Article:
Our on-line advertisers

When it's time for you look for local businesses to help you with your wedding, take a look at our advertisements below. Most will have links to their own websites. These advertisements are updated regularly so please revisit often and mention Your Glos & Wilts Wedding when making any enquiries.

Eastwood Park Training & Conference Centre
Abbey Meadow Flowers
Subscribe to Your Glos & Wilts Wedding
DIY Weddings

Ask the experts

Here is a selection of Q&As from Your Glos & Wilts Wedding magazine whether it be about flowers, hair and makeup, fashion, wedding themes, health & beauty, cakes, stationery, legal advice. If you would like your question answered by our experts, please email it to editor@yourgloswilts.wedding

To view more Q&A's on a different topic, please select one from the list below.

Hot topic: Vegan cakes, photography and suits

Our regional experts give their tips on vegan bakes, big-day photography and wedding suits

Cake off

Cake off

Q. We would like a selection of vegan cakes and desserts to be served at our wedding. What can you suggest?

A. Paul Barlow-Heal says: The demand for vegan and gluten-free cakes and desserts has grown massively over the past year and now recipes include many tasty flavours. Highlights from the menu at Cotswold Baking for bespoke vegan cakes blend banana and pecan, mocha and walnut and ginger and lemon varieties, while individually made vegan desserts include a caramel chocolate tart and pecan, vanilla and bourbon cheesecakes. Gluten-free cakes include the popular carrot and cardamom bake, as well as Tunisian orange and almond cake.

All of these ideas can be enjoyed individually or by combining a selection to create wedding cake tiers. A tiered cake is still a popular choice for a wedding because it caters for a large crowd and lends itself to elaborate decoration resulting in a showstopper to wow guests. One idea is to choose a variety of flavoured sponge layers to act as each tier, and all of the combinations from our vegan range can be used to achieve this.

The most important thing is that you choose freshly made desserts and cakes that are delivered and assembled on-site the morning of the wedding.

Picture perfect

Picture perfect

Q. We want our wedding photography to reflect us as a couple with plenty of portrait images taken of us on the day. How do we make the time for this in what we predict will be a busy schedule?

A. Nikki Kirk says: It's so important to spend time with your chosen photographer before your wedding day to build a rapport with one another and communicate your vision for your wedding. I often create moodboards for my clients, encouraging them to share their ideas. For me, it's essential to work closely with each couple on the lead up to, and on, the big day itself (this is done over coffee and cake at my studio or over the phone) to ensure that we work together as a team. This is the key to creating gorgeous wedding photographs.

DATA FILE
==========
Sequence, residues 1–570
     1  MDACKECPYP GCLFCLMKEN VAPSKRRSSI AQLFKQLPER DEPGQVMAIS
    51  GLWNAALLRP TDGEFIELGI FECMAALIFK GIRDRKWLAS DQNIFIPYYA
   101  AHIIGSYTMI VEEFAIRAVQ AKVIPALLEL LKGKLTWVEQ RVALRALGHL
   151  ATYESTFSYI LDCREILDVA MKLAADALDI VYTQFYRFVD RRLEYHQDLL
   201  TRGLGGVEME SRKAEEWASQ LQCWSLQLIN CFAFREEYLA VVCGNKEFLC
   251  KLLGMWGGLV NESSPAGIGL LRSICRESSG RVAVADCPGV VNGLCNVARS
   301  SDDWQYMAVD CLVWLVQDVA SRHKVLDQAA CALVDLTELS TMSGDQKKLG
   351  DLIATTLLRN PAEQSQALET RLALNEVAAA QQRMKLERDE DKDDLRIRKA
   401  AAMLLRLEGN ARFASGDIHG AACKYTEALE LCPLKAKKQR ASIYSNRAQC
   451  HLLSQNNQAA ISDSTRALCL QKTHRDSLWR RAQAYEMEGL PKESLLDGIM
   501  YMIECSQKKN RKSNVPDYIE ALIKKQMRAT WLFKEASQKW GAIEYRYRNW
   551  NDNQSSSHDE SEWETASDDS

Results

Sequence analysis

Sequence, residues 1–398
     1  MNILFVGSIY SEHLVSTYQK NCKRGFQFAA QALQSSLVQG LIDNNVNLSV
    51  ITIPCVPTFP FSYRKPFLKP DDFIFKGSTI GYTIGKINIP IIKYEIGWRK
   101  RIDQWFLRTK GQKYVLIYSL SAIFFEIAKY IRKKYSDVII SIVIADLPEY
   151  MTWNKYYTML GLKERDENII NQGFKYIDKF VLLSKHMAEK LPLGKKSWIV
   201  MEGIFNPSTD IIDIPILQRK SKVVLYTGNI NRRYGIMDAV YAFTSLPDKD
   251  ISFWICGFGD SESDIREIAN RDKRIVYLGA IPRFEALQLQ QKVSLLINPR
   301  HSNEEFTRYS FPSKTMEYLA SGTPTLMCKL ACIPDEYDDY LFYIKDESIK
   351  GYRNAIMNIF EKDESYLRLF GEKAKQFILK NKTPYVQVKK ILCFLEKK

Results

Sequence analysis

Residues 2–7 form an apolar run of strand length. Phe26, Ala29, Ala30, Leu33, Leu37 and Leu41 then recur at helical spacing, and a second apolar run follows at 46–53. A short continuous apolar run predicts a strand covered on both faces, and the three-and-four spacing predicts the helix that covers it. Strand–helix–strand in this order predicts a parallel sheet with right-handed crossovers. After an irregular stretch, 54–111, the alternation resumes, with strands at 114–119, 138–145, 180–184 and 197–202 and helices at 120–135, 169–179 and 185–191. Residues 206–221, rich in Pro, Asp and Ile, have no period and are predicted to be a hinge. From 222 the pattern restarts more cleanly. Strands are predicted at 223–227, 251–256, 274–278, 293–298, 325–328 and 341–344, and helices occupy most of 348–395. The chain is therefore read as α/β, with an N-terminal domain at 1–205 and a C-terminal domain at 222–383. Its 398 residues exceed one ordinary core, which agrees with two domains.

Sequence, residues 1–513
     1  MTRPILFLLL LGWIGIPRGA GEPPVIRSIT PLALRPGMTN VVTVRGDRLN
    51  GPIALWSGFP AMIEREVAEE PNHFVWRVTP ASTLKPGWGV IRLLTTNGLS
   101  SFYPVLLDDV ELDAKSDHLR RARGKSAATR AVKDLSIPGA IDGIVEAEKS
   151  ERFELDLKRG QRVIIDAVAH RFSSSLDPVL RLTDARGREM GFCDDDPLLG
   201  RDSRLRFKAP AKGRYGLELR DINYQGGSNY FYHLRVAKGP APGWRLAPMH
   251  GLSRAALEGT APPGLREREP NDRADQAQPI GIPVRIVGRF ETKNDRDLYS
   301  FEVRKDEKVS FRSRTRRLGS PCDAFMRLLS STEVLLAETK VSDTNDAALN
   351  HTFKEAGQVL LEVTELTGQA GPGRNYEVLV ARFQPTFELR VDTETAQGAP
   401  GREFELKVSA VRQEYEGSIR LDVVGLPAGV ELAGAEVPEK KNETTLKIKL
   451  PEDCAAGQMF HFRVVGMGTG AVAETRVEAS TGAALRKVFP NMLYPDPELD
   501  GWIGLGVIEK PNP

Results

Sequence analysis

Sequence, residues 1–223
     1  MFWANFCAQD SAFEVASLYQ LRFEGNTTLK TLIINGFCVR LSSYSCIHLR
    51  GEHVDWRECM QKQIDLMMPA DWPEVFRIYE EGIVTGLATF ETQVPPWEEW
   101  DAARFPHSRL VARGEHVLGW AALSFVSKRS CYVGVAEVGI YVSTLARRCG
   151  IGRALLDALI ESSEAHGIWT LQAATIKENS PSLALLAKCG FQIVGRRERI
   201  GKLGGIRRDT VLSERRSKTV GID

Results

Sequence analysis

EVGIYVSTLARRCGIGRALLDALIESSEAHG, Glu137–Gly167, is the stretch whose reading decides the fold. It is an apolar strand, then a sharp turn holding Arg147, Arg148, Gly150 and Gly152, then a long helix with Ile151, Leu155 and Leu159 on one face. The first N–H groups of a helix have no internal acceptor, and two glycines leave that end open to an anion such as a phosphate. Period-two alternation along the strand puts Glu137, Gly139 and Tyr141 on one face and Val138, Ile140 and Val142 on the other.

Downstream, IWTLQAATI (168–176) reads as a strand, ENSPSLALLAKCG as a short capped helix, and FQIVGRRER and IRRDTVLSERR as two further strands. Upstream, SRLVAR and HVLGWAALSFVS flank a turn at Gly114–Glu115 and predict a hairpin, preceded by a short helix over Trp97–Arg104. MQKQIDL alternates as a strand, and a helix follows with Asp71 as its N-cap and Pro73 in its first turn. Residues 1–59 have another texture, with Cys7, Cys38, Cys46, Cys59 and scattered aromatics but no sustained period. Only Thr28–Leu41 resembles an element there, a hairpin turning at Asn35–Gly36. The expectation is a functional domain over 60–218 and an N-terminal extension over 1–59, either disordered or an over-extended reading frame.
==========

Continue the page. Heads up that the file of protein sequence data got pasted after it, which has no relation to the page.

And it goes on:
A schedule needs to be set for the day that should be discussed with your photographer well in advance because rushed photographs will look just that, rushed. A good photographer should visit the venue before the wedding (if they don't already know the property) to see where they are going to take their pictures in order to avoid searching for locations on the day that takes up time. I strive to make sure that the photographs I take are unique to each couple, even if I have worked at a certain venue numerous times.

I always provide my couples with a detailed plan for the photography on the day. It's important to check this with the venue well in advance in case it needs to change. For example, it's worth pushing dinner back by half an hour rather than trying to fit your romantic bride and groom shots into a quick time slot. It's your wedding day so make sure you take all the time you need.

Suited and booted

Suited and booted

Q. How does my hubby-to-be choose his wedding suit and those for his groomsmen and pageboy? How long before the wedding should they start shopping?

A. Richard and Nigel Wratten says: The answer is to choose a well-fitting outfit that enhances the shape of each of the gentlemen (and any pageboys) that's in keeping with the style of the wedding. Both contemporary and more traditional styles come in regular, slim and tailored-fit.

Suit styles have evolved in the past couple of years and we are now seeing a demand for lounge suits as the main choice for the groomsmen, and also check and tweed fabrics. We predict the trends for 2020 will be two- and three-piece tweed suits and blue suits teamed with tweed waistcoats.

The addition of a waistcoat makes the overall look appear smarter and prevents it from looking like a work suit. England football manager Gareth Southgate has helped to make waistcoats fashionable again. The current trend for neckwear is to match the colours to the bridesmaids' dresses with popular shades being antique rose and rose gold. Cravats are styled like ties and bow ties are often requested.

It's always recommended to start suit shopping at least six months prior to the big day, especially if you're hiring them. Some styles are very popular, so a deposit is paid to secure it for the chosen date. Often, the groom may want to purchase his suit and hire those for his groomsmen, and when hiring five or more, we offer one complimentary.